Volume 74, Issue 3
  • ISSN: 0002-9637
  • E-ISSN: 1476-1645


A double-blind, placebo-controlled trial of nine months duration was carried out to investigate the impact of malaria and its prevention on the educational attainment of school children in a malaria-endemic area in southern Sri Lanka where both and infections are prevalent. A total of 587 children attending grades 1–5 in four schools and resident in the area were randomly allocated to chloroquine (n = 295) and placebo (n = 292) arms. Language and mathematics scores of end-of-term school examinations for 1998 and 1999 and number of days absent and reasons for absenteeism during seven months pre-intervention and nine months of the intervention were recorded. The results indicate that there were no differences in language (95% confidence interval [CI] = 48.44–53.78 in chloroquine group and 50.43–55.81 in placebo group) and mathematics (95% CI = 49.24–54.38 in chloroquine group and 51.12–56.38 in placebo group) scores between the two groups prior to the intervention. During the intervention, the malaria incidence rate decreased by 55% (95% CI = 49–61%) and school absenteeism due to malaria was reduced by 62.5% (95% CI = 57–68%) in children who received chloroquine compared with the placebo group. Post-intervention, children who received chloroquine scored approximately 26% higher in both language (95% CI = 21–31%) and mathematics (95% CI = 23–33%) than children who received placebo. In a multivariate model, educational attainment was significantly associated with taking chloroquine prophylaxis and absenteeism due to malaria ( < 0.001 for both) but not due to health causes other than malaria or non-health causes. Language scores were associated with number of malaria attacks ( < 0.022). Educational attainment was significantly better among children whose compliance to chloroquine prophylaxis was higher ( < 0.001). The data suggest that malarial attacks have an adverse impact on the educational attainment of the school child and prevention of these attacks significantly improves educational attainment of children living in malaria-endemic areas.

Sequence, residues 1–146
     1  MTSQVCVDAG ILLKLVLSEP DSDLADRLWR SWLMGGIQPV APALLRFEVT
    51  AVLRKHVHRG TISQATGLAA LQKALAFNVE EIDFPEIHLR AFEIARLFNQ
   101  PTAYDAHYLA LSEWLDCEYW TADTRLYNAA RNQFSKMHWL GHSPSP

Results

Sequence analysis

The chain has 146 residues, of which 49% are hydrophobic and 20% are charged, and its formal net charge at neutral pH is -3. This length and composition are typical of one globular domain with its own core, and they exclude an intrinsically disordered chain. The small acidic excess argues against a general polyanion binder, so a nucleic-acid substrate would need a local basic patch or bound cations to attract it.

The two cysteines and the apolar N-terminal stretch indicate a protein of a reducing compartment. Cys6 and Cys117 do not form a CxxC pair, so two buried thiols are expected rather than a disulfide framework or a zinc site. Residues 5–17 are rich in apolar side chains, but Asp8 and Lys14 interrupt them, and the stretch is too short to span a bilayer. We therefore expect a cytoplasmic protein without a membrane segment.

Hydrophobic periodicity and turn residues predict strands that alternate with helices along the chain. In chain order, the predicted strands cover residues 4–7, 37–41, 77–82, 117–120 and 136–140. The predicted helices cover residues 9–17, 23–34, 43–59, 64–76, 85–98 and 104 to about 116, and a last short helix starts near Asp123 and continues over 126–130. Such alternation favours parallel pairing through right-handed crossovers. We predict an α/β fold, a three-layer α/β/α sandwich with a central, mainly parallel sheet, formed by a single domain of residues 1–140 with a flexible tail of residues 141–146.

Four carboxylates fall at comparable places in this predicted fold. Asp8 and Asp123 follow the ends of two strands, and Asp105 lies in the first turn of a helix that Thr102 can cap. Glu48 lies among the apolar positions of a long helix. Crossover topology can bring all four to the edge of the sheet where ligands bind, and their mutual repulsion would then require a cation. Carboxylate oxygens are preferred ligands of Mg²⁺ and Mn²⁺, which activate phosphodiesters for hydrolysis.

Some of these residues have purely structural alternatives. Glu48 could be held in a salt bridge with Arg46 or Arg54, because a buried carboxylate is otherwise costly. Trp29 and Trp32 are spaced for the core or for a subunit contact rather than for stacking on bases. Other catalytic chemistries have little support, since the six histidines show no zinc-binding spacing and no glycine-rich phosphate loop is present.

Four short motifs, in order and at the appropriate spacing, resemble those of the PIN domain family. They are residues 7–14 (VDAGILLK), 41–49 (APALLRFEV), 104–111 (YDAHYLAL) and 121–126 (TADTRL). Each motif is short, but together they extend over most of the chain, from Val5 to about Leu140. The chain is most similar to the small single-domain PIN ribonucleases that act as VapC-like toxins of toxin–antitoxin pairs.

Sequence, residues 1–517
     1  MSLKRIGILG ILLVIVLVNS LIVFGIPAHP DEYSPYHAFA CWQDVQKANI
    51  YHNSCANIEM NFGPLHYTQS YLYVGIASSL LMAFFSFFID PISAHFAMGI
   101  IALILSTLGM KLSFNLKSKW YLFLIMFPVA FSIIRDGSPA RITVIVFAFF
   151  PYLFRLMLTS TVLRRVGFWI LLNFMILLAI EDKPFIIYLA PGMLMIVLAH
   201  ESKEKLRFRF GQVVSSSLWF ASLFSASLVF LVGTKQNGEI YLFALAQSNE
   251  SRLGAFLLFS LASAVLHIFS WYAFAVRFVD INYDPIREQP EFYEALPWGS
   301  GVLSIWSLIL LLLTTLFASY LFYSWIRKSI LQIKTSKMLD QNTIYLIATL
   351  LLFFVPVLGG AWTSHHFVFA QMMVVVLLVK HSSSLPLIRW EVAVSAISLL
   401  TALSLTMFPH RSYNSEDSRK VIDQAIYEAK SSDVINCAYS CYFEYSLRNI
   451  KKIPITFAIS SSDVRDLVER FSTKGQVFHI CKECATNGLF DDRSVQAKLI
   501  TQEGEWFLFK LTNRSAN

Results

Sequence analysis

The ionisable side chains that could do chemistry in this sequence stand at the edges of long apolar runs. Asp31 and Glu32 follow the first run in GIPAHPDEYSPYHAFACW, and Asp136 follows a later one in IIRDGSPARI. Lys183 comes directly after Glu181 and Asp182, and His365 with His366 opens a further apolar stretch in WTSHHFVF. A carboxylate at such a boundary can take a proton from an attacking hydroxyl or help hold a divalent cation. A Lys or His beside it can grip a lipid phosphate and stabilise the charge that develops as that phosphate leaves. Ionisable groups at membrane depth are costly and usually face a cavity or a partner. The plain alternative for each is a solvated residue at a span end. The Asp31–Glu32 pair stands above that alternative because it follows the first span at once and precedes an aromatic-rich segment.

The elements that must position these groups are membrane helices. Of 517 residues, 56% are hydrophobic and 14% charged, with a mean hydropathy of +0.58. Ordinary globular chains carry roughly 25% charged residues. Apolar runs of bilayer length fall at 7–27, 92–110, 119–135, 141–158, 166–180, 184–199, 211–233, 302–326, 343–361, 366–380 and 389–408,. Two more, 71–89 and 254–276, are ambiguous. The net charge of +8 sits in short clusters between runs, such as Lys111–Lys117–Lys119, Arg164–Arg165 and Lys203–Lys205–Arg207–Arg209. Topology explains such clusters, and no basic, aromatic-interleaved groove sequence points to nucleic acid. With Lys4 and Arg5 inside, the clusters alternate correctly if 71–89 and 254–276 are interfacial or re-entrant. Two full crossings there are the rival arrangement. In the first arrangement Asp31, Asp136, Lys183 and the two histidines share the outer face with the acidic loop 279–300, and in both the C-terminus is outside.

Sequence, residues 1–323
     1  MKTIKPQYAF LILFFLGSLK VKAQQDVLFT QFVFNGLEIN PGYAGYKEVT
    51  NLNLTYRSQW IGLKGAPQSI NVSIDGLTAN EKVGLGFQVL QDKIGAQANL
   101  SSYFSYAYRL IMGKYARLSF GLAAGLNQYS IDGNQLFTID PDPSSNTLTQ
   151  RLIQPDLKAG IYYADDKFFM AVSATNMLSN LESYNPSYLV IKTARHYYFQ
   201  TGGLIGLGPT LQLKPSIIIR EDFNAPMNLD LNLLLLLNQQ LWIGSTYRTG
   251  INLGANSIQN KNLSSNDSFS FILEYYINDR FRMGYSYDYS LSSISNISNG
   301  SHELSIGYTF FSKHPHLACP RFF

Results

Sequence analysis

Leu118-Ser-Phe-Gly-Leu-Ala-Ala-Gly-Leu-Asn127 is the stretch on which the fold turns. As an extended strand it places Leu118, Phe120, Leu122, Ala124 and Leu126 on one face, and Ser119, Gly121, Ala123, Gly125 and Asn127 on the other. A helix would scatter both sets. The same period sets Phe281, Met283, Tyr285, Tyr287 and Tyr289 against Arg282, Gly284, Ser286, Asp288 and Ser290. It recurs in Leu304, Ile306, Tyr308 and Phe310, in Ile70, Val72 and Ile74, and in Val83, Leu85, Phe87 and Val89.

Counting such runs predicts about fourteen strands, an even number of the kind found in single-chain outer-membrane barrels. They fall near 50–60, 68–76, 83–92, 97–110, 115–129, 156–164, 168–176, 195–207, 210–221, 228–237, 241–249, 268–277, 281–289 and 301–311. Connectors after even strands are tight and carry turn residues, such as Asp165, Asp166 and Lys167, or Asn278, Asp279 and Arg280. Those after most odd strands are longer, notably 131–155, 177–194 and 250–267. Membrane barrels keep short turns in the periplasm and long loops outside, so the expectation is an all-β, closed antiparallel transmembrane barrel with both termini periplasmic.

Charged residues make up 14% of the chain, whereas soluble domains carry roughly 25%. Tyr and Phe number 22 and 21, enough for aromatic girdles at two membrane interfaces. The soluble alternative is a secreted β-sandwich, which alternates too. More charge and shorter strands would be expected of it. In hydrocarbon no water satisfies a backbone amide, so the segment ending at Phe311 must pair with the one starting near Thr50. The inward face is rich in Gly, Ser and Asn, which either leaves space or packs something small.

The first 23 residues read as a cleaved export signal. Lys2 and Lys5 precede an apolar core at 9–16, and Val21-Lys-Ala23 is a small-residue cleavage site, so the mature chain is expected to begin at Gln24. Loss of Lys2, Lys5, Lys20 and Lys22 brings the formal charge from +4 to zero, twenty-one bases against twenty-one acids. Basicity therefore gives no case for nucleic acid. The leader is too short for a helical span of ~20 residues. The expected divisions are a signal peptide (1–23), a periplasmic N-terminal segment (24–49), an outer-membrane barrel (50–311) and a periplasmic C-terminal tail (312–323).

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  • Received : 13 Apr 2005
  • Accepted : 22 Oct 2005

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